years (by December 2006).
Trading and investment regimes.
• National treatment/non-discrimination—Measures and practices that discriminate against
imported products or foreign companies will be removed.
• Export subsidies—Upon accession, all forms of export subsidies inconsistent with WTO rules,
including grants and tax breaks linked to export performance, were eliminated.
• Trade-Related Investment Measures (TRIMs)—Foreign investment approvals will no longer be
subject to mandatory requirements (e.g., technology transfer or local content requirements).
• Trade-Related Aspects of Intellectual Property Rights (TRIPs)—China will enforce the rights
protecting intellectual property within China.
• Agricultural subsidies—China has agreed to limit domestic agricultural subsidies to 8.5 percent
of the value of production (i.e. less than the 10 percent limit allowed for developing countries
under the WTO Agreement on Agriculture), and to eliminate all agricultural export subsidies
upon WTO entry.

Trading partner safeguards.
• Transitional product-specific safeguard mechanism—As provided under the WTO Agreement
on Safeguards, a country may impose restrictions on imports if it can demonstrate that they
cause or threaten to cause serious injury to domestic firms producing similar products.
• Special safeguard mechanism for China’s textile and clothing exports (see Box 3).
• Anti-dumping. Under WTO agreement, other members can invoke “non-market economy”
provisions to determine dumping cases for 15 years following accession. Non-market economy
provisions imply that domestic prices cannot be used as a reference point and make it much
easier to reach a positive finding in an antidumping investigation.
______________
1/ A more complete description of the terms of China’s WTO accession is available at
http://www.wto.org/english/news_e/pres01_e/pr252_e.htm.
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In contrast with the continuity in tariff reductions, China’s commitments on trade in
services represent a milestone.6 Plans include the opening of key services sectors where
foreign participation was previously nonexistent or marginal, notably telecommunications,
financial services and insurance. In those sectors, full access will eventually be guaranteed
to foreign providers through transparent and automatic licensing procedures. China will
also remove restrictions on trading and domestic distribution for most products.7

Apart from market access, the accession protocol lays out China’s major
commitments on trade-related activities, such as the national treatment and non
discrimination principles, and as provided under the Trade-Related Investment Measures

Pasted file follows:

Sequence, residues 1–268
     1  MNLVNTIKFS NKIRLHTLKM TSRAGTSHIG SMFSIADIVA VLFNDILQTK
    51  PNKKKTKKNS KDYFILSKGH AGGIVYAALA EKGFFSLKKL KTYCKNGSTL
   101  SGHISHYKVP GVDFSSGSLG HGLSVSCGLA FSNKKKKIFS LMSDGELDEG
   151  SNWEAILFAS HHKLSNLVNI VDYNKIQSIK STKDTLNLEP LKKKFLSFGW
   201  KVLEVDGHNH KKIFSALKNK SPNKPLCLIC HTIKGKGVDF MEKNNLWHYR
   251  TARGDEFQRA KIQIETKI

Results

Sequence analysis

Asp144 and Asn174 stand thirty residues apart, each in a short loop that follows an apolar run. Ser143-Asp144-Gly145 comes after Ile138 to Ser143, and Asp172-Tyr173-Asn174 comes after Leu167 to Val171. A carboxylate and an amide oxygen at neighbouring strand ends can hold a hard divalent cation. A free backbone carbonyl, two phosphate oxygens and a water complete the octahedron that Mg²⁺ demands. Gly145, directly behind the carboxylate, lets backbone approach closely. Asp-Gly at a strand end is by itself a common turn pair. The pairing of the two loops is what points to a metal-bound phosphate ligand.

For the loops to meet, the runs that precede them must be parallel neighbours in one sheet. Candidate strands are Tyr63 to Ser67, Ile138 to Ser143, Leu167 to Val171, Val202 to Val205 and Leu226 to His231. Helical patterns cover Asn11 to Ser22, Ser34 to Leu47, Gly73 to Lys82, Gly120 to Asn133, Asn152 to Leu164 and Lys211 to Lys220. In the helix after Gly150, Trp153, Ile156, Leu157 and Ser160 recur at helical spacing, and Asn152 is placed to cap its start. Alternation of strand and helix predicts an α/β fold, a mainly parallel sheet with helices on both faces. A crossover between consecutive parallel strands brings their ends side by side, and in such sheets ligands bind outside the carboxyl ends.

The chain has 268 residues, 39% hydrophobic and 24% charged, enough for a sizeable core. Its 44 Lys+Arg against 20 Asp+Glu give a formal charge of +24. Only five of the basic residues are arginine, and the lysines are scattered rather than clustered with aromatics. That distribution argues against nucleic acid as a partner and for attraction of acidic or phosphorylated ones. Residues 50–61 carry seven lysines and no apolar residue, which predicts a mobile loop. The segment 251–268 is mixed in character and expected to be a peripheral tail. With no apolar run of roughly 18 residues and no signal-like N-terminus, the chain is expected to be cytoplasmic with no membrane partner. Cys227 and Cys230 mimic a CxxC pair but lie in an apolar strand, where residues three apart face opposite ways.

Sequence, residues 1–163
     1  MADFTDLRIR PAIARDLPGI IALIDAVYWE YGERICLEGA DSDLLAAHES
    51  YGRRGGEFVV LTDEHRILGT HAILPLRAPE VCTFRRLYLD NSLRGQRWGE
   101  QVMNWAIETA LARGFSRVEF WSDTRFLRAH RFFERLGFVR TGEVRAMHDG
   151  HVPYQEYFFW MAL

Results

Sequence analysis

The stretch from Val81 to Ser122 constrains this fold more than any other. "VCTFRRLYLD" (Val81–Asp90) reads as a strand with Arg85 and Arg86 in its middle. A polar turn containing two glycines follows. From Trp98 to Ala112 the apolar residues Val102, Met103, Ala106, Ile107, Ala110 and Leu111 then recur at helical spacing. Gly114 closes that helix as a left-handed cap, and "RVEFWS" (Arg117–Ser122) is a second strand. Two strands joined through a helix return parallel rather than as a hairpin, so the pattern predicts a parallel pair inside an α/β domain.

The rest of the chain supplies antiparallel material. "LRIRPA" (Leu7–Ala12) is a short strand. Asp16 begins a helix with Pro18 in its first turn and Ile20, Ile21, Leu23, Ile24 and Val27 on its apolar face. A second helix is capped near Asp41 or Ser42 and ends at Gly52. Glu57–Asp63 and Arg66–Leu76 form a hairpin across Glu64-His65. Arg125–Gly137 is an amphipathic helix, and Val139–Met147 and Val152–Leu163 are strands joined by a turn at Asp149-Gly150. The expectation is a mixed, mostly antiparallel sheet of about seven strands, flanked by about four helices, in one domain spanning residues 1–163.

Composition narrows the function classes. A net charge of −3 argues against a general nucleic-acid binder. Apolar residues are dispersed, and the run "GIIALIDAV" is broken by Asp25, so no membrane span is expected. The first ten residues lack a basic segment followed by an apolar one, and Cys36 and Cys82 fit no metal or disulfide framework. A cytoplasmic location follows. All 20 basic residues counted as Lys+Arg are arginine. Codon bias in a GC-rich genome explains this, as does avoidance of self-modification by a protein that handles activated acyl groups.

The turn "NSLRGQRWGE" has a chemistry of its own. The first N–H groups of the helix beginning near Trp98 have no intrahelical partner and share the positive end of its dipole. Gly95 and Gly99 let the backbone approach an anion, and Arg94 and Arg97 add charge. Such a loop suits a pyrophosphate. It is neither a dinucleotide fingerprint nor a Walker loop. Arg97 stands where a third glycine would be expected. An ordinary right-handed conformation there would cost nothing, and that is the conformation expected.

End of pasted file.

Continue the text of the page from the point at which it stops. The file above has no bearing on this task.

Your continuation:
(TRIMs) and Trade-Related Aspects of Intellectual Property Rights (TRIPs) which China
has agreed to implement in full upon accession. Compliance with such commitments is
likely to have far-reaching implications domestically, including by encouraging greater
internal integration of domestic markets (through the removal of inter-provincial barriers),
as well as by enhancing the predictability of the business environment.

B. Implementation

A special WTO procedure, the Transitional Review Mechanism (TRM), was
established to review China’s compliance with the WTO agreement. China’s Protocol
of Accession provides that the TRM will review China’s compliance on an annual basis in
the first eight years of WTO membership. Reviews are conducted separately by sixteen
WTO sectoral councils.8 Rather than simple “pass or fail” tests, these reviews are
opportunities for stock-taking on past progress and areas for further efforts.

No major source of contention has emerged with regard to China’s early
implementation of its commitments. Concerns have been expressed by some of China’s
trade partners in certain specific areas (e.g., within the agricultural or financial sectors, or
with regard to intellectual property), related in particular to delays in implementation, or to
transparency of the legal framework and enforcement issues. However, as of end 2003, no
formal complaint within the WTO had been filed against China, and a widely-shared

6
Indeed, some observers have argued that they represent the most radical services reform
program negotiated in the WTO to date (Mattoo, 2002).
7
According to its WTO accession protocol, China will maintain (i) import state trading for
wheat, corn, rice, vegetable oils, sugar, tobacco, crude and processed oils, chemical